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J Gen Microbiol. 1986 Jul;132(7):1853-8.

Highly pathogenic strains of Escherichia coli revealed by the distinct electrophoretic patterns of carboxylesterase B.


One hundred and ninety one strains of Escherichia coli isolated from extra-intestinal infections and 85 strains isolated from the stools of healthy human beings were compared for electrophoretic mobility and isoelectric point of carboxylesterase B, and for production of alpha-haemolysin and the presence of mannose resistant haemagglutinin. Fast and slow electrophoretic mobilities were distinguished among the strains. The frequency of strains showing slow mobilities was considerably higher when they originated from extra-intestinal infections (40%) than when they were obtained from the stools of healthy individuals (7%). In a two-dimensional electrophoretic profile, the fast and slow mobility variants of carboxylesterase B were resolved into two patterns, B1 and B2, respectively. The frequency of pathogenic strains that concomitantly produced alpha-haemolysin and mannose resistant haemagglutinin was 48.7% for strains of pattern B2 but only 2.8% for strains of pattern B1. Thus, the electrophoretic pattern B2 of carboxylesterase B appears to be a molecular marker for a group of highly pathogenic E. coli strains which are frequently implicated in extra-intestinal infections.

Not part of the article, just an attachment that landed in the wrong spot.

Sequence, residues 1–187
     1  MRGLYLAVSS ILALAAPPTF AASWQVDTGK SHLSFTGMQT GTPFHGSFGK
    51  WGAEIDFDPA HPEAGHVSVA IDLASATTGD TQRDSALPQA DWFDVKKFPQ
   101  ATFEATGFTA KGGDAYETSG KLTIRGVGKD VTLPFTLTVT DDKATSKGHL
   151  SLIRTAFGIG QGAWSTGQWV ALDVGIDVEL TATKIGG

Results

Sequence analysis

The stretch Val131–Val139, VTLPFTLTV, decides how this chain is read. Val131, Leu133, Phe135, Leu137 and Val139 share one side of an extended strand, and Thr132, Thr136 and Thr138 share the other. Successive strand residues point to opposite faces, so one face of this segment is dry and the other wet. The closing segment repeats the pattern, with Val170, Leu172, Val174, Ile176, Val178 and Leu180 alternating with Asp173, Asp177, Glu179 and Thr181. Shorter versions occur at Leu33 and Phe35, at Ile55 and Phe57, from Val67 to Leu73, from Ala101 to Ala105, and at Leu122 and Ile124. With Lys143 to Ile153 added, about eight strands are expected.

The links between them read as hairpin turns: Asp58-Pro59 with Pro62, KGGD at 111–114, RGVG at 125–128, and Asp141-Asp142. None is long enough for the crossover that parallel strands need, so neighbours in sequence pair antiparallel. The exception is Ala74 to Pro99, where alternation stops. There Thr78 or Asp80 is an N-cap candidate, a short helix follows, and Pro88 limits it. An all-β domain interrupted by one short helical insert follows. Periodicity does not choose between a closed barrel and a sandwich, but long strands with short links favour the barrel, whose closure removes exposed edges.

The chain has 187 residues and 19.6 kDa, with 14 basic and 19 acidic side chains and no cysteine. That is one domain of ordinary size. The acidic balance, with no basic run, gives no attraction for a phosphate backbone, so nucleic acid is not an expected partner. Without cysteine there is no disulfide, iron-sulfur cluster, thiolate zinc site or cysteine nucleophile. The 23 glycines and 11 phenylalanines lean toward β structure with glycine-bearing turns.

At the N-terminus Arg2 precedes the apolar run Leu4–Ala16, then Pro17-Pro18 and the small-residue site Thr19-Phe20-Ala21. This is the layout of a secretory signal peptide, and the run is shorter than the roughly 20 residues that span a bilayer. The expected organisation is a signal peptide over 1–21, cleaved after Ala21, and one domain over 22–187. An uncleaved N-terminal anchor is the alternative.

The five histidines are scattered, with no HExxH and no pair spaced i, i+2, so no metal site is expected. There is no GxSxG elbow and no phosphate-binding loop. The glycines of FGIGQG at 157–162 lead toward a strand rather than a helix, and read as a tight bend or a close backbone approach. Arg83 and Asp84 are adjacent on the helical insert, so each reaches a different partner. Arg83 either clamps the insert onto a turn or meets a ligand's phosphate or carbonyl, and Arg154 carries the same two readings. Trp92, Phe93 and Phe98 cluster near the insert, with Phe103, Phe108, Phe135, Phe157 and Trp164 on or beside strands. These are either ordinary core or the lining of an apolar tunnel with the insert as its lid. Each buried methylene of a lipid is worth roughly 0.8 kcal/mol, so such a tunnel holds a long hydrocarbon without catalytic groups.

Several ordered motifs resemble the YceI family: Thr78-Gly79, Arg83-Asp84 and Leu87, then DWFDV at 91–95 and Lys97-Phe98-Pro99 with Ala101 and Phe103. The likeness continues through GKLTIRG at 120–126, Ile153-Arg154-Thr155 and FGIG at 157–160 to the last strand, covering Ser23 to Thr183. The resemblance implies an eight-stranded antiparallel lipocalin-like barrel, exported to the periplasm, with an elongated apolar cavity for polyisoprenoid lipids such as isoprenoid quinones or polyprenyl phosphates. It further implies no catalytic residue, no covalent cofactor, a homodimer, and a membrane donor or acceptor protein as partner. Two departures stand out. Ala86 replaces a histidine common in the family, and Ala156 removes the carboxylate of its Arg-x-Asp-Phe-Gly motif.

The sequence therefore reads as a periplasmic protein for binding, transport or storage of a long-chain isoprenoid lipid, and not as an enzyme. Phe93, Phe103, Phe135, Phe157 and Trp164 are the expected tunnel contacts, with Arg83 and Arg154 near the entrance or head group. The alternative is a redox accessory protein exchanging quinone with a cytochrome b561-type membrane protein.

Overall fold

[Indexed for MEDLINE]

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